Continuing our course southward, we find some curious mesas in the valley of West Plum Creek. We ascended one lofty butte, with a flat table summit, situated west of Plum Creek road. The top of this butte is about one thousand feet above the road, and is capped with a rather close-grained, cream-colored rock, which looks quite porphyritic, fifty to one hundred feet thick, and plainly of igneous origin.
Annual Report for the Years 1867, 1868, 1869, 1873 (Hayden 1873, 140)
This view drawn from the top of Raspberry Butte just southwest of the small town of Larkspur is appropriately entitled “Pleasant Park from the South.” The pleasing character to this landscape is a juxtaposition of bucolic ranching country, as if right out of an old western movie, and a geologic theme park that could have been produced as a diorama in a natural history museum. The geologic structure lies below the artist like an open book and is much more dramatic and aesthetically enjoyable in the drawing with its lack of vegetation than in the modern photograph. But the intricate geologic landscapes in the foreground that are backed by the seemingly less complex high mountains are real and tell an interesting and nearly complete geologic story that is millions of years old.
Unfortunately, the name Pleasant Park is no longer used—it was such a descriptive and apropos term for this scene. In fact, the name had already been changed to Perry Park when William Henry Holmes drew this landscape in 1874, but Holmes and the survey continued to use the old nomenclature. The land seen here was purchased by John D. Perry in 1872 and developed into a large cattle ranch. While the survey studied the land, Perry was in the process of imprinting his own stamp on the official deed. The name change, however, was slow in being universally adopted, probably because the Pleasant Park moniker was much more pleasing to the ear.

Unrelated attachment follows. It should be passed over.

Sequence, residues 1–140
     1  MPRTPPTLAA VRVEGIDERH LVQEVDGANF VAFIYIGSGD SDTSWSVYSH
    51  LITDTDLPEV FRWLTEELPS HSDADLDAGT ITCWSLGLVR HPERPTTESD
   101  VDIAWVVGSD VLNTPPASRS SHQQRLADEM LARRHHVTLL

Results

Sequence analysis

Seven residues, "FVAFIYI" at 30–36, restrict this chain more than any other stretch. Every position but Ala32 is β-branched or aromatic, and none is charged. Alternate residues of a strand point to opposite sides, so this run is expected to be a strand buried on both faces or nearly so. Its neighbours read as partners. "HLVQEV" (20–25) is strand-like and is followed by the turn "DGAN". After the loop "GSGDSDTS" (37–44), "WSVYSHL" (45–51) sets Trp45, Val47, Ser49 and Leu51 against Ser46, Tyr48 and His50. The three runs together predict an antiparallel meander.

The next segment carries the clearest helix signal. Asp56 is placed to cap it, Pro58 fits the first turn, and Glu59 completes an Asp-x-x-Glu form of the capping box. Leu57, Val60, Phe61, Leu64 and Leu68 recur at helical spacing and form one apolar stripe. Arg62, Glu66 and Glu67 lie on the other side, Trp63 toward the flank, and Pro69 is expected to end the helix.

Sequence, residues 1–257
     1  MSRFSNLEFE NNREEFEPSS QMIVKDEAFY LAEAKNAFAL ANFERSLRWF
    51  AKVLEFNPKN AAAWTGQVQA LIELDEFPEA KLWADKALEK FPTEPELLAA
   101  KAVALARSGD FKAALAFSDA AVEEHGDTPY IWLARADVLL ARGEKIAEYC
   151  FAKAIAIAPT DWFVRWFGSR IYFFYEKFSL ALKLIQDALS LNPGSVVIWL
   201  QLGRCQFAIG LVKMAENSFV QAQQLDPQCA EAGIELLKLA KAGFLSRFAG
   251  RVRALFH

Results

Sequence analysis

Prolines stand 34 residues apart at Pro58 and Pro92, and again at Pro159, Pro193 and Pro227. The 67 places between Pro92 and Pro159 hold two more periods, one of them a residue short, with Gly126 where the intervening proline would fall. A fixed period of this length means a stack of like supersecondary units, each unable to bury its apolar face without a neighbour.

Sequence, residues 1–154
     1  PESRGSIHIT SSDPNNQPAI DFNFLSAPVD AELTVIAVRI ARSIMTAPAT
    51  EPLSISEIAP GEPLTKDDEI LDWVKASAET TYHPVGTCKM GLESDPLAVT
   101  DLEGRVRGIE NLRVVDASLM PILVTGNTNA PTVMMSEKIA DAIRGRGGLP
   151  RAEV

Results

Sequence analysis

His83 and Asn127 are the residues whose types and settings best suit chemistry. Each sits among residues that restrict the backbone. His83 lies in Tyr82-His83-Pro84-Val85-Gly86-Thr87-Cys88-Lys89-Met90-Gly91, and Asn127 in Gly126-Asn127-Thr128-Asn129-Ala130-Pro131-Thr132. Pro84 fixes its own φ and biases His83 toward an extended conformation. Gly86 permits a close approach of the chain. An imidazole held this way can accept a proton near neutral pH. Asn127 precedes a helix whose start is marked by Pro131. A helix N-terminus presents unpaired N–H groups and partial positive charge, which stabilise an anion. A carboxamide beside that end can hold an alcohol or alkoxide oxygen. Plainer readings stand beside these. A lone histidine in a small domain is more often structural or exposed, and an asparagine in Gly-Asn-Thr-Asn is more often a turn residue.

The geology depicted in this drawing could be used as a real-life text on the stratigraphic history of the Front Range of Colorado and the piedmont terranes of the sedimentary rock suite lying just to the east of the mountain front. The highlights of the geologic landform story in this view begin in the interval of time between the mountain-building episode that formed the Ancestral Rockies some 300 million years ago and the more recent Laramide orogeny that established the current pattern of the mountains of the Front Range. During the interlude between orogenies, lasting 235 million years, there was an often-repeated sequence of shallow seas moving into and out of this part of Colorado. With each successive transgression and regression of the water, a sequence of open if shallow water, lagoon formation, coastal dunes, and low-lying terrestrial environments developed in turn along the fluctuating littoral zones.